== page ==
A New Orleans hit-and-run driver who struck and killed a 6-year-old boy last year in Gentilly was found guilty of manslaughter Friday in Orleans Parish Criminal District Court.

Arthur Toledano, 23, faces between 10 and 40 years in prison at his sentencing hearing, which is scheduled for Wednesday before Judge Dennis Waldron. The judge convicted Toledano as charged after a two-day, nonjury trial.

District Attorney Leon Cannizzaro said Toledano represented “a serious threat to public safety” and condemned his “blatant disregard for societal norms.”

“Not only was this a horrific tragedy, but what truly disgusted me about this case was the defendant’s refusal to take responsibility for his actions,” Cannizzaro said in a statement. “He fled the scene following the accident and even attempted to blame the victims for the accident at trial.”

The hit-and-run, which took the life of Shaud Wilson, a first-grader at Akili Academy, happened Feb. 3, 2014, on Paris Avenue, near Lucy’s Supermarket and the intersection of Lafreniere Street. Authorities estimated Toledano, who has several previous traffic citations, was driving 71 mph in a 35-mph zone in a Honda Crosstour.

Toledano veered into the middle lane to pass a black truck that had stopped for a group of children scampering across the crosswalk to get to their bus stop. A surveillance video captured the 6:59 a.m. hit-and-run frame by frame.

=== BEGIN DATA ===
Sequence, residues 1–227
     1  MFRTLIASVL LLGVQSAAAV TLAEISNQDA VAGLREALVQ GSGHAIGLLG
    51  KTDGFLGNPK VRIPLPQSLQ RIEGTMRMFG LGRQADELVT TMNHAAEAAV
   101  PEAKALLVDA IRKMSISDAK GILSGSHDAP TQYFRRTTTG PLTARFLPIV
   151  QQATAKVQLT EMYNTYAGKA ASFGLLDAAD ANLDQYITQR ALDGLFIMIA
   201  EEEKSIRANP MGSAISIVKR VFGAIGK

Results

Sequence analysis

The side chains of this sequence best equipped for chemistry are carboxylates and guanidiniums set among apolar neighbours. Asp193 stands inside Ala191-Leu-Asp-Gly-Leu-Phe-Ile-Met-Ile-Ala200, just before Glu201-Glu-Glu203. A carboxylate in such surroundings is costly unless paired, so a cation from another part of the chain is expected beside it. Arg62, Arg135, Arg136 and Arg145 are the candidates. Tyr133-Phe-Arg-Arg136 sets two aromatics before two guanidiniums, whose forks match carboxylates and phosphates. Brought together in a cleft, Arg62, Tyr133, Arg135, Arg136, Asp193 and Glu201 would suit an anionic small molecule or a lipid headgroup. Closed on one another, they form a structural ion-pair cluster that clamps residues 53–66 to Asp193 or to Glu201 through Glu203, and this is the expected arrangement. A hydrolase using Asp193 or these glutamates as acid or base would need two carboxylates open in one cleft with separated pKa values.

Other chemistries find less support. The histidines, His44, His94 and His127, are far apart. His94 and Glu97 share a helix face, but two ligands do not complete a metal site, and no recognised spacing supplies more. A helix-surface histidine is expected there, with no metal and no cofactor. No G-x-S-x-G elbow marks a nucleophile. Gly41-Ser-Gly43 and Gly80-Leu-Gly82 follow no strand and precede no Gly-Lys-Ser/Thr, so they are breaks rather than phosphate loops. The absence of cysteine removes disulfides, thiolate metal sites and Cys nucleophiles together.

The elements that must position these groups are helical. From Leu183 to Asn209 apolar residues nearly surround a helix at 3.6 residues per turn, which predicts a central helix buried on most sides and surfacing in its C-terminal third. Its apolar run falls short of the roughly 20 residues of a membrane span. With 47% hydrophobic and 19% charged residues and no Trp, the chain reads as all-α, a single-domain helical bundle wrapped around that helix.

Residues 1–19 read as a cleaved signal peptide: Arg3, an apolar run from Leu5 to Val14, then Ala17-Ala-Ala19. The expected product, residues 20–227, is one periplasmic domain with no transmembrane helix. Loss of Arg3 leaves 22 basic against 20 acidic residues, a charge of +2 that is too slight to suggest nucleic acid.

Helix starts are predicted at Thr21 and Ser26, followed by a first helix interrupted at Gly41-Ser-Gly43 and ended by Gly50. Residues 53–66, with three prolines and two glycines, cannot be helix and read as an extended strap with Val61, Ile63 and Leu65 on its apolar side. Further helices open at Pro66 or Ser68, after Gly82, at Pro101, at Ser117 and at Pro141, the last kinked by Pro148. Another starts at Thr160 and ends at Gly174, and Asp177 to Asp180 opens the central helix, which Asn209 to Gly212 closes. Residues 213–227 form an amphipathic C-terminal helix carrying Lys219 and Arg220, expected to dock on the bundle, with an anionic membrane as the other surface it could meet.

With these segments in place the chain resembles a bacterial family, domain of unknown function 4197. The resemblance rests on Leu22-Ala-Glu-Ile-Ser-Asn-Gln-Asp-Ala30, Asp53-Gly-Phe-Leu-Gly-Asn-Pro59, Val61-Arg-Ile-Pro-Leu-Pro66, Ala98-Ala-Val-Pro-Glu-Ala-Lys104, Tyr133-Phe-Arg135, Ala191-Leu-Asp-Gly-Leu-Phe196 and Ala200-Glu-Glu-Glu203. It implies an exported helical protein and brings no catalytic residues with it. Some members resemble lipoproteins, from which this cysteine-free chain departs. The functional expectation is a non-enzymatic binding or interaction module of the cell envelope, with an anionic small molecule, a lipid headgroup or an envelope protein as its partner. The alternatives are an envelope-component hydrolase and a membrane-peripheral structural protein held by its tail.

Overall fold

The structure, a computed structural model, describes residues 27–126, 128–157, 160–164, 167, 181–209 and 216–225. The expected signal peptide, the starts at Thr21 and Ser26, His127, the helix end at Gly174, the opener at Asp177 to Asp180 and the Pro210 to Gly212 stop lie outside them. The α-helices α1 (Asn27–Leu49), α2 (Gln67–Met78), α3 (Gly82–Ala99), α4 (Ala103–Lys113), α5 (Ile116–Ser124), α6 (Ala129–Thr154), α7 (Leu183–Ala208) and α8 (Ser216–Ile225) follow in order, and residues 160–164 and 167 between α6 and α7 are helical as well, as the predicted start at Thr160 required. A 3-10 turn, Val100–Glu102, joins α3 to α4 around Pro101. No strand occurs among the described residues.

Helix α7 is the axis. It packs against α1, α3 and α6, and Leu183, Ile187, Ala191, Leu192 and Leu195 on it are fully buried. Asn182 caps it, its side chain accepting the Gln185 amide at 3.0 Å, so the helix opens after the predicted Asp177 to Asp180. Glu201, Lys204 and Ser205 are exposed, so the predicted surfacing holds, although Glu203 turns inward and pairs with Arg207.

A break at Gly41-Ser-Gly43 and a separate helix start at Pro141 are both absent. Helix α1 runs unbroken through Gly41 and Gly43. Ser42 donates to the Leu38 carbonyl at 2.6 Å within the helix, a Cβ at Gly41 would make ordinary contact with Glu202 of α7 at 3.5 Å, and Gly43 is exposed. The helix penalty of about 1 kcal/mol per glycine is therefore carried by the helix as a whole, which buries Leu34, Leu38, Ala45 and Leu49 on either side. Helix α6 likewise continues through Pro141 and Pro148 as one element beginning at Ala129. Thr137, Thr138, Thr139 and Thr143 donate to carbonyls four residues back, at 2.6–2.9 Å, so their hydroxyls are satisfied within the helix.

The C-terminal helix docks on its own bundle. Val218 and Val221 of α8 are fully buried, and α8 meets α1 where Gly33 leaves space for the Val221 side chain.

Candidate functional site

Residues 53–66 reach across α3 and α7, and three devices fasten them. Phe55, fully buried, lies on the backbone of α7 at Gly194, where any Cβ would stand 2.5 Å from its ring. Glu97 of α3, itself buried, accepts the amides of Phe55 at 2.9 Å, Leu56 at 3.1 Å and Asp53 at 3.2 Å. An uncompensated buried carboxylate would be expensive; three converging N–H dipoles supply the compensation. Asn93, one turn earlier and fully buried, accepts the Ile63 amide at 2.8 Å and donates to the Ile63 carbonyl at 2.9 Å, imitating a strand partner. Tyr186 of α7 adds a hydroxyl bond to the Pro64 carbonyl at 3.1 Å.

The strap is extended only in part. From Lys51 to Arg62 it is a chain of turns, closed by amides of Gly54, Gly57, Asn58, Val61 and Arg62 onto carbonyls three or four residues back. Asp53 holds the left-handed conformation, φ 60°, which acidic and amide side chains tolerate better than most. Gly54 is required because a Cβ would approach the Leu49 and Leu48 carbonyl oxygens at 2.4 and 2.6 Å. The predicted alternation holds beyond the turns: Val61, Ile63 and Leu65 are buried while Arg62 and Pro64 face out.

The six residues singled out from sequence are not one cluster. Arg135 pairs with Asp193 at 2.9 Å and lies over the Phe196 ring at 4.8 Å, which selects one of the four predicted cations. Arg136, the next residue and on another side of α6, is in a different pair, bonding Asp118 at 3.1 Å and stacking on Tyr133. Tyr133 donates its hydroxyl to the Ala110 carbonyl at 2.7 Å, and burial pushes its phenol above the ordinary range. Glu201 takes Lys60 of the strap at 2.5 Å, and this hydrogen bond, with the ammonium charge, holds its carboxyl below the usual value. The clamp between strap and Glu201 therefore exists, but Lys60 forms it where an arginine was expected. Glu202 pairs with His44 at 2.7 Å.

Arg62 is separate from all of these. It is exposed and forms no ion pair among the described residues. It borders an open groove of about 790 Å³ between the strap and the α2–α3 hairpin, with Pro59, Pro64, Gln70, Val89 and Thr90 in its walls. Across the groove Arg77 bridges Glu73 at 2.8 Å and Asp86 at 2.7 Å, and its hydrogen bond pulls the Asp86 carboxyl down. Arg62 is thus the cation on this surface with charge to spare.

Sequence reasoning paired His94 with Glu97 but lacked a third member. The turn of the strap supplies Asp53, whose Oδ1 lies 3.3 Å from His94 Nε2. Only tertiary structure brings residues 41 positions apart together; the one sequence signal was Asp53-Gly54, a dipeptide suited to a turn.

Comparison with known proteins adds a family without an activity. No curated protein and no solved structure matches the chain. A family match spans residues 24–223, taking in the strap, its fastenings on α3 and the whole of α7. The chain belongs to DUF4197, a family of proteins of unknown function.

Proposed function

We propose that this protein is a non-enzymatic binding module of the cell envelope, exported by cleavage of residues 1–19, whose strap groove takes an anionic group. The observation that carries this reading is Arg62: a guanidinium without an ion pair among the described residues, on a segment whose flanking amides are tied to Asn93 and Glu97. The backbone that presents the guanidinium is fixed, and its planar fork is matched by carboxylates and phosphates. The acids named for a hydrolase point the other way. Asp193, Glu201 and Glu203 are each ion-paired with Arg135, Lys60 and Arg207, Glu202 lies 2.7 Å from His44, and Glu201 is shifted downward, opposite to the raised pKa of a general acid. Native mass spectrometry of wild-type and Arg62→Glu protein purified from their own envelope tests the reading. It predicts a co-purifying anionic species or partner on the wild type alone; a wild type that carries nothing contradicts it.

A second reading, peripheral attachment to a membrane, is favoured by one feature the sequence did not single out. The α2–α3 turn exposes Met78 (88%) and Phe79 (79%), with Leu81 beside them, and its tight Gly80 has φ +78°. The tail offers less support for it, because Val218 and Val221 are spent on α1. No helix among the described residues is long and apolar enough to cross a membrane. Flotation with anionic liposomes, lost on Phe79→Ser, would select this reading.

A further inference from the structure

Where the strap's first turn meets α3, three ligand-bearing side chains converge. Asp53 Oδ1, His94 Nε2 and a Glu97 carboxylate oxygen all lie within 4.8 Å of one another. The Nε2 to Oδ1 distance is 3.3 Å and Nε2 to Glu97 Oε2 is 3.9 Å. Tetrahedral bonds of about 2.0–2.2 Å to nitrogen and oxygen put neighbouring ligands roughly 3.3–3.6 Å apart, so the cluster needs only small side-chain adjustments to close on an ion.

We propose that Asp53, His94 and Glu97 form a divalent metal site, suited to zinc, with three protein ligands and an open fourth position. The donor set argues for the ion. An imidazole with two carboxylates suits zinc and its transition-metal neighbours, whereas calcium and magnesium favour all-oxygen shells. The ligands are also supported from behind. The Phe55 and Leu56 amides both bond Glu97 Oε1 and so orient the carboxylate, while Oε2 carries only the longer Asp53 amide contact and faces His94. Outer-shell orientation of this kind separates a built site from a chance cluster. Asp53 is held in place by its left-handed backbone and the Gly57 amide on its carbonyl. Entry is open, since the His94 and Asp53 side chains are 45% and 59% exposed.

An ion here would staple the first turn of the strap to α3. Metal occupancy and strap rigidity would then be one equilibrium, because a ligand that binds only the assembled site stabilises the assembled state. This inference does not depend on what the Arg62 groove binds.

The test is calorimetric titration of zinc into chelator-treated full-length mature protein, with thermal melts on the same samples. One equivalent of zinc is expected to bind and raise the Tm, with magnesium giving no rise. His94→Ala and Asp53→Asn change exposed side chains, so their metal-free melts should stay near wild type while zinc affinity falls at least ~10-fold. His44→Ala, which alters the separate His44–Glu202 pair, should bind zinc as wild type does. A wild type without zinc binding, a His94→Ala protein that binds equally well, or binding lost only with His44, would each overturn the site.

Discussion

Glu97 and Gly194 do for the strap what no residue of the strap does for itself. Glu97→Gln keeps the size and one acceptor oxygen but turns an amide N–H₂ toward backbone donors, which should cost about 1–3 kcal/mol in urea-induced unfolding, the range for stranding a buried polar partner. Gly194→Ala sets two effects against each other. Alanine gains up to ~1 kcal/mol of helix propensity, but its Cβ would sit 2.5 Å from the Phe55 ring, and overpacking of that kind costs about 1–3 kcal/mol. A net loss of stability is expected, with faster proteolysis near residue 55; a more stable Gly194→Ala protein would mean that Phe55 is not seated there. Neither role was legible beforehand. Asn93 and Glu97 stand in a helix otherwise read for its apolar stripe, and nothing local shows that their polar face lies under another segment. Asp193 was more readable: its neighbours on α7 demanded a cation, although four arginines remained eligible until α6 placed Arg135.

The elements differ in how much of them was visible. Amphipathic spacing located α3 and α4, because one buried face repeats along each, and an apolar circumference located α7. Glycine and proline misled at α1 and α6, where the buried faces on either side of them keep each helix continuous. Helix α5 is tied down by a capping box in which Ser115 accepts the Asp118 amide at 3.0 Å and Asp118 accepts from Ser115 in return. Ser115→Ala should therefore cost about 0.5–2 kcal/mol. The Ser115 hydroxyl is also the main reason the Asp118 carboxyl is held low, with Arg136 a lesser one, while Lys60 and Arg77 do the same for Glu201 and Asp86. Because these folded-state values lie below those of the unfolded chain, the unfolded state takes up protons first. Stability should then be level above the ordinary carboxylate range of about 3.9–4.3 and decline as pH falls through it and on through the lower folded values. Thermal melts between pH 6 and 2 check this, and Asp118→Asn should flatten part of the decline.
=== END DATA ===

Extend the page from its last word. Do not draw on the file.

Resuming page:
The impact, which ripped the “H” emblem from the center of the vehicle’s grill, mortally wounded Shaud, who died about an hour later at Interim LSU Hospital. The boy’s sister, Shanaya, 10, received head injuries when she was struck by the vehicle’s side mirror.

The video shows the SUV veering into the middle lane and racing past the yielding truck. Shaud then vanishes from view.

In testimony this week, Errol Williams, an uncle of the victims, said Toledano continued driving after striking the children. “He looked me right in my face,” Williams said, “and drove right past.”

Toledano lived about a mile away and returned to his home after the incident. New Orleans police, who identified Toledano based on an anonymous tip, said he never denied being the driver but claimed he had driven away out of fear. No drugs or alcohol were found in his system.

Toledano’s defense attorney, Stavros Panagoulopoulos, called Shaud’s death “a tragic accident.” At the time of the incident, he said, Toledano had been hurrying home to pick up a bag so he could go to work as a hotel server.

“He was working (after the accident) to figure out what he was going to do,” Panagoulopoulos said earlier this week. “He just watched his whole world crash.”

Assistant District Attorneys Lauren Favret and Mike Lopez prosecuted the case.

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